How can pictorial history support dynastic rule?
Where rulership is dynastic, history—specifically genealogy—can be critical to the authority and stability of government. Throughout the ages, different cultures have adopted a variety of means through which to trace kinship visually, often for political purposes. In early modern Europe, there are genealogical trees. The people of many Pacific cultures have traditionally represented their ancestral lineages through carvings in their ceremonial houses. Among the Luba in Africa and the Mixtec in Mexico, lukasa and lienzos, respectively, play similar roles.
Questions to Consider
- Both the lukasa and the lienzo have both a genealogical and a cartographic element. What do you think is the relationship between these two aspects? Why is each relevant in the context of history?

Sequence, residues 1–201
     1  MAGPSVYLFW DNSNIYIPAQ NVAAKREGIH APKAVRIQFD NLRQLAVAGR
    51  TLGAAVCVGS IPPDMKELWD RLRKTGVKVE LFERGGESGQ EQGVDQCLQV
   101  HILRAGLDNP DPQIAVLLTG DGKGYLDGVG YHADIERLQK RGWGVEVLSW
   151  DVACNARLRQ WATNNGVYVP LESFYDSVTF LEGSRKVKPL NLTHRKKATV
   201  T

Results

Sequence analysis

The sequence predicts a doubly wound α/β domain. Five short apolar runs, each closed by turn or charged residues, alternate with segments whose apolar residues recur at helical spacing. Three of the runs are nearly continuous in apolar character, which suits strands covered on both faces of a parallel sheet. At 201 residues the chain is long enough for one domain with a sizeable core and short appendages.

- Lukasa can only be “read” by certain individuals who have undergone intensive training. The lienzo, in contrast, was a large work that would have been accessible to a bigger group. What do you think the advantages and disadvantages are to a history that is available to just a few specialized people or to a larger community?
- Both of these works embody memory visually. How does this compare with the histories that you encounter in your own culture? Do you think history told visually can express the same things as history communicated verbally or orally?
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